Major autism study supports ‘social motivation theory’

Encouraging young children with autism to communicate with others could strengthen communication and social bonding skills in later life, a major study has revealed.

The research, published by the University of Delaware, adds to the growing body of evidence suggesting that understanding and implementing ‘social motivation theory’ could improve social outcomes for people on the autism spectrum.

‘Social motivation theory’ is a commonly cited idea that suggests that autistic children who do not “prioritise” or “seek out” social interactions could miss out on opportunities to practice and develop language skills.

Launching the research, the authors said “identifying potential factors that can predict later language development is crucial to understanding why some children with autism spectrum disorder successfully develop language while others do not”.

For example, about one-third of children with autism never develop the language that they need in different day-to-day situations.

The study looked at 87 children with autism, aged between 14 and 31 months, over a two-year period. It was found that children with “relatively stronger social motivation” had “relatively better language” at the end of the study.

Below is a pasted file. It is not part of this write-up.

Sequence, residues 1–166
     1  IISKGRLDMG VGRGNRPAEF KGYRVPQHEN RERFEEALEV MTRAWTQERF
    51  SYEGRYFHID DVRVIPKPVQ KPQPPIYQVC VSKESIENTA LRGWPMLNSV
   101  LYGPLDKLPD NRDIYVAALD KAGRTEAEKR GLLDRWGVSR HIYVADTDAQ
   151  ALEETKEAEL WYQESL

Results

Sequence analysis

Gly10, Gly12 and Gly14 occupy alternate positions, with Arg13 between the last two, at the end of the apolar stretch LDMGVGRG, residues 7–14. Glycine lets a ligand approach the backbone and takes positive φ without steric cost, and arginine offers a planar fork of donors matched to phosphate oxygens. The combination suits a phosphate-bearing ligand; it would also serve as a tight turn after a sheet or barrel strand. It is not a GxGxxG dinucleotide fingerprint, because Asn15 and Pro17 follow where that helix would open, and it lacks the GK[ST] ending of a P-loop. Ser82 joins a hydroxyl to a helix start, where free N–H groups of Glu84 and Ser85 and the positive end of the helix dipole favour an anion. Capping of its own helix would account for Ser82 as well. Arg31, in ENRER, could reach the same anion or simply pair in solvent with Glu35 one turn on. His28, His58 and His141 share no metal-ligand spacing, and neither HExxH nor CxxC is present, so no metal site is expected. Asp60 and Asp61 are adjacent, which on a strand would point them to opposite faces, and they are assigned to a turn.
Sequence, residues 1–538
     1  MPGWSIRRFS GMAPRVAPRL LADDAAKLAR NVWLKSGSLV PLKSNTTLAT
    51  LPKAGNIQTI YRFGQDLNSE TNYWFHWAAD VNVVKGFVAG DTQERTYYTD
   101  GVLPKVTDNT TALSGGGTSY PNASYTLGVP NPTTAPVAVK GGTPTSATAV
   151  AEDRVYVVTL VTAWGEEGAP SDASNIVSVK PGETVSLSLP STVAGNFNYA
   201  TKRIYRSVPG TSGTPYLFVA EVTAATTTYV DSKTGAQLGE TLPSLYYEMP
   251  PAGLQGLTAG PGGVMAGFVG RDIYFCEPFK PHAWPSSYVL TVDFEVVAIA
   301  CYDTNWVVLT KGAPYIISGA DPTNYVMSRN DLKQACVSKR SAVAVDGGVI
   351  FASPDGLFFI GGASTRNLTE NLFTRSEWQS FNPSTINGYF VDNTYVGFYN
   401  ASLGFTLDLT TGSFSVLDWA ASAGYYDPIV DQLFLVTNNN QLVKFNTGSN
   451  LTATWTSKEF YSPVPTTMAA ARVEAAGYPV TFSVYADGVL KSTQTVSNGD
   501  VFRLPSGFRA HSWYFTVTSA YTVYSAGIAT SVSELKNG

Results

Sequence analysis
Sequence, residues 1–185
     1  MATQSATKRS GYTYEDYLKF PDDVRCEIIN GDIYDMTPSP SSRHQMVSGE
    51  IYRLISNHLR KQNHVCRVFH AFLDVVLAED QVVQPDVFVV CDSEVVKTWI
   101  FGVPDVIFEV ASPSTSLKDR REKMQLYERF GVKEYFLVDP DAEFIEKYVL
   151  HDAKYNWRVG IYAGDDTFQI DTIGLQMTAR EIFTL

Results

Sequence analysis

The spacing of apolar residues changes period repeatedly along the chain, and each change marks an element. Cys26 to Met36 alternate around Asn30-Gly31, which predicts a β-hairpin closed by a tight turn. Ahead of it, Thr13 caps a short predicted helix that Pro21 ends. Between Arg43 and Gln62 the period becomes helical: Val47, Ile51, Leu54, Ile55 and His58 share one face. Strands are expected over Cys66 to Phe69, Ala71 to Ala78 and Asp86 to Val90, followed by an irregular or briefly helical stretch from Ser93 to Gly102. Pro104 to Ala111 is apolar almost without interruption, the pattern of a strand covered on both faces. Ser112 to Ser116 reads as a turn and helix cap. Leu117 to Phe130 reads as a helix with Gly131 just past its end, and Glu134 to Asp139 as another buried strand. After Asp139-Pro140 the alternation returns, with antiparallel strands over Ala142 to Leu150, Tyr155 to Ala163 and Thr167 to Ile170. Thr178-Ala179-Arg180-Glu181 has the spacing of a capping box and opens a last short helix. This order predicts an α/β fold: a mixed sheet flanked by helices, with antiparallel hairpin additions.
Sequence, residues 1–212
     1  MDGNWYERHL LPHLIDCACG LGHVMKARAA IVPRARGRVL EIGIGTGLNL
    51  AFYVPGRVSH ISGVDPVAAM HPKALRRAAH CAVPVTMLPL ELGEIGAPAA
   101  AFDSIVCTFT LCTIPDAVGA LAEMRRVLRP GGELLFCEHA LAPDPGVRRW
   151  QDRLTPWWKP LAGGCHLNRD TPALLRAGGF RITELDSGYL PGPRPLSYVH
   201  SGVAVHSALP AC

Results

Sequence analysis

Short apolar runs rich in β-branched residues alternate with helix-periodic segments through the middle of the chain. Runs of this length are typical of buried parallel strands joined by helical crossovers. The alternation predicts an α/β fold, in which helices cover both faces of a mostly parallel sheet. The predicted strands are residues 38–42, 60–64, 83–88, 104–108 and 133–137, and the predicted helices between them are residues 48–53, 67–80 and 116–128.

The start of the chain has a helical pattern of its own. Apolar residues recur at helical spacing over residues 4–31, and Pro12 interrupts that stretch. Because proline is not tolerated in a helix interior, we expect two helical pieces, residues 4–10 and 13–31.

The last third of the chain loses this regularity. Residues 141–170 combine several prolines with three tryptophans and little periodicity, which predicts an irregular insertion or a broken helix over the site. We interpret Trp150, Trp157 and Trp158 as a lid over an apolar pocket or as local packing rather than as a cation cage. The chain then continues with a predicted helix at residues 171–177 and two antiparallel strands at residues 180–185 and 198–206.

It was suggested that in the majority of cases, parents of children with better language skills may have used “frequent intentional communication” to motivate others to talk with their children more often, facilitating the children’s language understanding.

Although further research is needed, the authors said this study could provide guidance “for parents who want to help their children learn to talk”.

“Parents could look for intentional communication from their children and respond by talking to their children. Effective intervention on both parent and child targets will likely enhance treatment efficacy. Future work is needed to test these ideas,” said the authors.

According to the latest statistics, autism affects around one in every 100 people, meaning there are around 700,000 individuals on the autism spectrum in the UK.

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